Tuesday, 07 September 2021 08:25

Govt regulations 'avalanche' cripples industry

Written by  Sudesh Kissun
Mike Chapman won the Bledisloe Cup for horticulture, pictured with Ag Minister Damien O’Connor and HortNZ president Barry O’Neil. Mike Chapman won the Bledisloe Cup for horticulture, pictured with Ag Minister Damien O’Connor and HortNZ president Barry O’Neil.

Former Horticulture New Zealand chief executive Mike Chapman says labour shortages and an avalanche of government-sponsored regulations are crippling the sector.

"If you can't have labour, you can't grow. If you can't grow, you cannot comply," Chapman told Hort News. "That is the real nexus and you must have every ingredient in place to make it work."

He says the Government is keen on horticulture growing but the key is getting enough seasonal workers into the country.

Chapman, who stepped down after five years in the role, was honoured at last month's Hort NZ conference in Hamilton with the Bledisloe Cup in recognition of his services to the industry.

He was also honoured by the Chinese Growers Association, Pukekohe, for his services to the group. Chapman says receiving the awards was incredibly humbling and really unexpected.

"You do the best job you can and don't expect any of this recognition other than knowing that you have done a great job," he says. "But the industry recognising that is incredibly special, and the Chinese growers' award, receiving that was unbelievable as well.

"It's a special recognition from a group of growers who are really important and a core part of the industry."

Chapman's career in the horticulture industry has spanned more than 20 years.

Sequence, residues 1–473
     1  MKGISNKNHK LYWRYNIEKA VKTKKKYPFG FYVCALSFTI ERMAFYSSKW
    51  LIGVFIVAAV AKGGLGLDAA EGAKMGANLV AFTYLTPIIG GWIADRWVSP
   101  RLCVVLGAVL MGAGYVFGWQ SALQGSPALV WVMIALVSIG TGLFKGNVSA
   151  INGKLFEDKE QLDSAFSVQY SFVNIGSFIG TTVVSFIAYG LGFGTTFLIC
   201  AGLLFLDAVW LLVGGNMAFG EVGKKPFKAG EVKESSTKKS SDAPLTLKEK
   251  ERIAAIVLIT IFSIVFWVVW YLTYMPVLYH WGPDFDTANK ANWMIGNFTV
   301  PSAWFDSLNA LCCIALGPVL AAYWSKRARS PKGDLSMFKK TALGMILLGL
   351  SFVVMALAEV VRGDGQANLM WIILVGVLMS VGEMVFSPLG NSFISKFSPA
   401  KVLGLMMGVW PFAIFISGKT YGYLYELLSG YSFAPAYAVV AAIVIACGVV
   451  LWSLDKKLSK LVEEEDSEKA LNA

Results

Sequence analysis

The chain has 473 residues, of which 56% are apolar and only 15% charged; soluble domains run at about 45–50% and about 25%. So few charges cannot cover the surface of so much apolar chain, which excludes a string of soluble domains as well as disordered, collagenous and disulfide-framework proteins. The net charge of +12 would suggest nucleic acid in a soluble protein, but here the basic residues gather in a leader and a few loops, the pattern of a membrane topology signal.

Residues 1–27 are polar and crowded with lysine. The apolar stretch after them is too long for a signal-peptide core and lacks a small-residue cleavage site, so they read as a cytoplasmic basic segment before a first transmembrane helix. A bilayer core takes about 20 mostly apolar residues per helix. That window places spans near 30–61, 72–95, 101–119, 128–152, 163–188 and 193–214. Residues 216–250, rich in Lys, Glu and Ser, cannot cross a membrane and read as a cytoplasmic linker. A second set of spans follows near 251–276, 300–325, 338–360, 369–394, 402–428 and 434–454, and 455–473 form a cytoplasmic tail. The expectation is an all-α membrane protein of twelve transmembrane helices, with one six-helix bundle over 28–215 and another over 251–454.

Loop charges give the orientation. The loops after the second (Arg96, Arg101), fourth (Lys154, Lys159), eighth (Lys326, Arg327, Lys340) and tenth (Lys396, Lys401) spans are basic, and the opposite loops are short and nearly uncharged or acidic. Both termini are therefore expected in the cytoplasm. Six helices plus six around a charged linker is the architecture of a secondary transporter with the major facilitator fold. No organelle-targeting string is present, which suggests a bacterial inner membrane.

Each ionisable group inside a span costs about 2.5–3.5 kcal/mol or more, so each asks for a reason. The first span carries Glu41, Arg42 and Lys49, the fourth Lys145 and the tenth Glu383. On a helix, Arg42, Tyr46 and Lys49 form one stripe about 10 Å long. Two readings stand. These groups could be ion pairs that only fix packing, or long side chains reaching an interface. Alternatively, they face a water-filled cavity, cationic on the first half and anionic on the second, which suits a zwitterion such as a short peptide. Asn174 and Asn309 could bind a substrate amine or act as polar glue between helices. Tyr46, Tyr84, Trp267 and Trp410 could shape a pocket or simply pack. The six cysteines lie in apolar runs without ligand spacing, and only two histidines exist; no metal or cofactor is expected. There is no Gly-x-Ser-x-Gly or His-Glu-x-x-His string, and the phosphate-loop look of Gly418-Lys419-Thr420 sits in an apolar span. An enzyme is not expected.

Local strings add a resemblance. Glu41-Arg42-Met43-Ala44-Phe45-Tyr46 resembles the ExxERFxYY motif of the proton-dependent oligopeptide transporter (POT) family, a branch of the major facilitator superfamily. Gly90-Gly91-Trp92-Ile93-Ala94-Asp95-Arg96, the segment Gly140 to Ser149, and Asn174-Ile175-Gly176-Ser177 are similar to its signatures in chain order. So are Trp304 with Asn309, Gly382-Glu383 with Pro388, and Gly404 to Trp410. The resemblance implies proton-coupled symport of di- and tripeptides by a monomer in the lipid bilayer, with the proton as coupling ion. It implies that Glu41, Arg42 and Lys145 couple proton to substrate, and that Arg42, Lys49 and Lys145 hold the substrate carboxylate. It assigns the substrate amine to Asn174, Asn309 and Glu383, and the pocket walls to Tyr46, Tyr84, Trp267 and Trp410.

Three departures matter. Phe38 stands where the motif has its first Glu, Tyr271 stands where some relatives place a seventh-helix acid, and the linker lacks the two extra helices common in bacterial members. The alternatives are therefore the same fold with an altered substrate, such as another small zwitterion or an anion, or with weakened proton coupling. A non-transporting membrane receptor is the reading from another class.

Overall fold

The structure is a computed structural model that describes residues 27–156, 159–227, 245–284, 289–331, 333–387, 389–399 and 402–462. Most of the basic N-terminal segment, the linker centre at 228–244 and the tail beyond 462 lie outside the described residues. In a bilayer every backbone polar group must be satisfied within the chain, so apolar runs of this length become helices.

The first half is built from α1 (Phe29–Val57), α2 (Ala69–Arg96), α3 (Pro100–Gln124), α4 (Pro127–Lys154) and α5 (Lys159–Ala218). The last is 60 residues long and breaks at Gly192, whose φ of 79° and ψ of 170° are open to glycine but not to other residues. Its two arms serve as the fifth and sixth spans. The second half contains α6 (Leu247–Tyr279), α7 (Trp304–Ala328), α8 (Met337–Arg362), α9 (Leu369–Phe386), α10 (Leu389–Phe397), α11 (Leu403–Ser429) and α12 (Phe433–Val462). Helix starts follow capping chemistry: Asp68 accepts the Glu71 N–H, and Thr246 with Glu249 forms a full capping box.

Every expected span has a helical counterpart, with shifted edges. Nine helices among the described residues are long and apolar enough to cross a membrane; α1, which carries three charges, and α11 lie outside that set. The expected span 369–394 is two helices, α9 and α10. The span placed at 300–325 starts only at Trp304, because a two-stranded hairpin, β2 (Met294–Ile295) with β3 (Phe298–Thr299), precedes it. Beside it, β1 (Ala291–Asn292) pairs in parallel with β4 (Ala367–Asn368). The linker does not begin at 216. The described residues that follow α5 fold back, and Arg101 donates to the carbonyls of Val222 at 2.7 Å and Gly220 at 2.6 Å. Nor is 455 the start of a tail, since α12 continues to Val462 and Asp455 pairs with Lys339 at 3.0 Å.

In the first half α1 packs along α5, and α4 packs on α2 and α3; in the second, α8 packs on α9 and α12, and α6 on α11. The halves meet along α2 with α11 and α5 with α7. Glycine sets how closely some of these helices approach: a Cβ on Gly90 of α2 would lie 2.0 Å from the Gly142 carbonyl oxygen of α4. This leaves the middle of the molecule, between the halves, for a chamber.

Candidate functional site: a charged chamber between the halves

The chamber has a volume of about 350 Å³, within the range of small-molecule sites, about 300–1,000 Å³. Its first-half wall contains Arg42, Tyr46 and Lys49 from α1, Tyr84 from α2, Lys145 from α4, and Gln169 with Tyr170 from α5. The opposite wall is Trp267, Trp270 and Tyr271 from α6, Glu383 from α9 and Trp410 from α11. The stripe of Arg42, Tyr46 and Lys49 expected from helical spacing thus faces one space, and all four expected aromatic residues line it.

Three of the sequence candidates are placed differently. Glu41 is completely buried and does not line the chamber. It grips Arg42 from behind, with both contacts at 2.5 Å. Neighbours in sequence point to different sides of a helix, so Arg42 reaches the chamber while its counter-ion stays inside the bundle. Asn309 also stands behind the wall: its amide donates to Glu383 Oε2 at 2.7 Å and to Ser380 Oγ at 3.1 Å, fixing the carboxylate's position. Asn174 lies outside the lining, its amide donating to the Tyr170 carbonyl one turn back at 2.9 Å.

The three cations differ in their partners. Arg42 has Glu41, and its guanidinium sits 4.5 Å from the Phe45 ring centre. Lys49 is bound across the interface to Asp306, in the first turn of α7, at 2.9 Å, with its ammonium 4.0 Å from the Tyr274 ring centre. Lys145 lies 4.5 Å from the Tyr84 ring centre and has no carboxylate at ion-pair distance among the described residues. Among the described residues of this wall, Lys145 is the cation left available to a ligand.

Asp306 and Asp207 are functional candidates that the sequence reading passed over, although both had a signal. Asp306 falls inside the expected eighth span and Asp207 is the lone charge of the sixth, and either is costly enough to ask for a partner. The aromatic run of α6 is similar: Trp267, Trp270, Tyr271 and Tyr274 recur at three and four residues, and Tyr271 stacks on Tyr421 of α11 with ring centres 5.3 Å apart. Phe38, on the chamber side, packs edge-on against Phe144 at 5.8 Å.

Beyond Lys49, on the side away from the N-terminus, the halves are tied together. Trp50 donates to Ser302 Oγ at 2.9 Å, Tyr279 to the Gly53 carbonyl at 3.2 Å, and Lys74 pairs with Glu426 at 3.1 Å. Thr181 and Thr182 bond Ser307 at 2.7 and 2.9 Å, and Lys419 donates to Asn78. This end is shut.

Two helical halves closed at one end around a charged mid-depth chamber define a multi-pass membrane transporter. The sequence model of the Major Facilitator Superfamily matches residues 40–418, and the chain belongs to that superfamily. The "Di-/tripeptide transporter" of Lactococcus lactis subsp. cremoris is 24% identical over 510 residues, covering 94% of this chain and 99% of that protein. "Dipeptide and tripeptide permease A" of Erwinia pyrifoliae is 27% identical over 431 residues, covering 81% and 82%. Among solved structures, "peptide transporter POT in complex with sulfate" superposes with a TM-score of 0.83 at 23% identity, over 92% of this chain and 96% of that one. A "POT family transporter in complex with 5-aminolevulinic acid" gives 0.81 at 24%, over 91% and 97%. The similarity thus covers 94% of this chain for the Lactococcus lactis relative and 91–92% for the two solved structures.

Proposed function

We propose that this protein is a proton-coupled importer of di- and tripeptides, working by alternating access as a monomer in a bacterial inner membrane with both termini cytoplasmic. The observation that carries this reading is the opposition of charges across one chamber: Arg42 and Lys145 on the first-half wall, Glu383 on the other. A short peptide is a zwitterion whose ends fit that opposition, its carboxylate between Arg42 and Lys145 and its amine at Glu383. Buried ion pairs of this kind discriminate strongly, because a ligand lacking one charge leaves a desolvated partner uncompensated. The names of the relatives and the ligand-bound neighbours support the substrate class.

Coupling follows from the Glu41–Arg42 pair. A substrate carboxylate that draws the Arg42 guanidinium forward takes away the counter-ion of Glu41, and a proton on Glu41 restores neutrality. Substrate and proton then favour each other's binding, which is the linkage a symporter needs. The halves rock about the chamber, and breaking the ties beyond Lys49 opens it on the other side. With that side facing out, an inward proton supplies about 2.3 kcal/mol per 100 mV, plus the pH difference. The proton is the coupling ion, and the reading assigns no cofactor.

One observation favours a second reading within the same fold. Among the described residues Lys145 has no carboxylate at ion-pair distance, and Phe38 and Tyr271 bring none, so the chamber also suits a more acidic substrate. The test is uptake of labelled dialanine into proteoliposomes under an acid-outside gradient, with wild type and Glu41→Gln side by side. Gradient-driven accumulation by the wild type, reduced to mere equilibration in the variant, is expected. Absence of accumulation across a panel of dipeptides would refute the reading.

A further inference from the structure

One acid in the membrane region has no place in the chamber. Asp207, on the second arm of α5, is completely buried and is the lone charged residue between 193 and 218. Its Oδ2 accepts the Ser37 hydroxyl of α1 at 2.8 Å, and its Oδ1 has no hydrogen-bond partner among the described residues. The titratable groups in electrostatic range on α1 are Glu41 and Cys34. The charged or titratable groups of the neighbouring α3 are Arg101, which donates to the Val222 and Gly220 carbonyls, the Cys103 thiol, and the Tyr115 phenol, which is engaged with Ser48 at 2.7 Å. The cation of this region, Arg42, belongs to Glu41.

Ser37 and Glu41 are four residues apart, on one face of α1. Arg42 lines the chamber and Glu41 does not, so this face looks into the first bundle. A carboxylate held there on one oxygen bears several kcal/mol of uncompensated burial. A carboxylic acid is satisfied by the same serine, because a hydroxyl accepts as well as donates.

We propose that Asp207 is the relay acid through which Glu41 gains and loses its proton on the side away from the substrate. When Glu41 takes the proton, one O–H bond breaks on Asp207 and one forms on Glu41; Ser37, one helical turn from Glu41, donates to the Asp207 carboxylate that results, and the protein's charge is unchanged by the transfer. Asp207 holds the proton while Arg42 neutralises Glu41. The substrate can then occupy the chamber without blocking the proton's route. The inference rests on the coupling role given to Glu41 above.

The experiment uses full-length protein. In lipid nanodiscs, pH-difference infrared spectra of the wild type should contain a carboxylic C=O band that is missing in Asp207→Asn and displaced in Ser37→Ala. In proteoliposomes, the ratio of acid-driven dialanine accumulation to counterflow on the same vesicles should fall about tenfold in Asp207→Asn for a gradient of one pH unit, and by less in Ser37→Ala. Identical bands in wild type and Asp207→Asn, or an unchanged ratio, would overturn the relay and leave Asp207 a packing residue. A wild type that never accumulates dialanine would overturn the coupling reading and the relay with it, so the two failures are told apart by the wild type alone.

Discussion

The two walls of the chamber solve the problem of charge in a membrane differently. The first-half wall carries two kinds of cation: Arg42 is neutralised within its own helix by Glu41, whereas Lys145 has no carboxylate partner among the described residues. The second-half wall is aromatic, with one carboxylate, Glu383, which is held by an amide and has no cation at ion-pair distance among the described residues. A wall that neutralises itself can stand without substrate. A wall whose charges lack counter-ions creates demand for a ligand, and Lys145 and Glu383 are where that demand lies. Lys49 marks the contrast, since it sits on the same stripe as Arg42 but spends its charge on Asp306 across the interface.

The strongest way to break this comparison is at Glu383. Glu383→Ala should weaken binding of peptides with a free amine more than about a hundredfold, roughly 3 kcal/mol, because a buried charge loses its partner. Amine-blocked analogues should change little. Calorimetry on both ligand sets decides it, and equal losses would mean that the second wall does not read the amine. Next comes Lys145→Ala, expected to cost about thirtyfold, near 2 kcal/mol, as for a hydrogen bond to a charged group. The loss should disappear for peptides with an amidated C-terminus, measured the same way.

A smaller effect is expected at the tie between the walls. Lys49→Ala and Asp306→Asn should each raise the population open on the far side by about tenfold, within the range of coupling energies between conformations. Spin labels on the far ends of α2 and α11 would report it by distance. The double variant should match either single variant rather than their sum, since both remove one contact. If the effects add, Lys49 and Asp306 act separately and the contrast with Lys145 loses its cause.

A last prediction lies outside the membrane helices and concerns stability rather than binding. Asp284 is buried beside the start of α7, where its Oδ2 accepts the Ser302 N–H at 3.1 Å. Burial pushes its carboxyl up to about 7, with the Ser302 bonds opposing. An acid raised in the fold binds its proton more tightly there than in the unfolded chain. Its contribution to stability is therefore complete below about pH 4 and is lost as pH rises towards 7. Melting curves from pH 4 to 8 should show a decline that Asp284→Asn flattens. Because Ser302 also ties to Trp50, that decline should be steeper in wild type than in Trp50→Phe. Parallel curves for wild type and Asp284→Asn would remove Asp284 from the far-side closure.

Swapping his legal-focused work for kiwifruit, he took up the role of Kiwifruit New Zealand chief executive in 2002 and then in 2005 became NZ Kiwifruit Growers Incorporated chief executive. Ten years later he picked up the reins as Horticulture NZ chief executive, a position he held until June this year.

The Bledisloe Cup for horticulture was first presented in 1931 by the then Governor-General, Lord Bledisloe, for a competition between orchardists for the best exhibit of New Zealand apples at the Imperial Fruit Show.

It is one of several cups Lord Bledisloe presented to New Zealand and is similar to rugby's Bledisloe Cup, which was also donated in 1931.

HortNZ president Barry O'Neil says Chapman's advocacy for the horticultural industry has been untiring, forceful, and balanced.

Despite retiring from HortNZ, Chapman remains involved with the Recognised Seasonal Employer (RSE) scheme. Chapman says the RSE scheme is critical to the sector and he's happy to continue working on behalf of growers.

"I have a track record working with government officials on the scheme."

He was instrumental in the Government's decision in early August to permit RSE workers from Samoa, Tonga and Vanuatu, to enter New Zealand without the need for managed isolation.

More like this

Labour the no. 1 issue

Labour issues will be the top priority for HortNZ chief executive Nadine Tunley in the coming year, with environmental issues a close second.


Christmas cheery on top!

What started off as a hobby in the Hawke's Bay is a now successful business where the main market for…

Machinery & Products

Electric power for the orchard

While the auto industry seems to be galloping into electrification, the agricultural sector seems to be a little more reserved…

Yamaha invests in hort hi-tech

Yamaha is made up of two separate companies - Yamaha Corporation, famed for musical and electronic products, and the Yamaha…

» The RNG Weather Report

» Latest Print Issues Online

The Hound

Woof, woof!

OPINION: This old mutt has been pointing out forever just what a dog with fleas - as both a business…

DJ friends?

OPINION: Your canine crusader wants to know just what drugs the politicians and bureaucrats are on in Wellington.

» eNewsletter

Subscribe to our weekly newsletter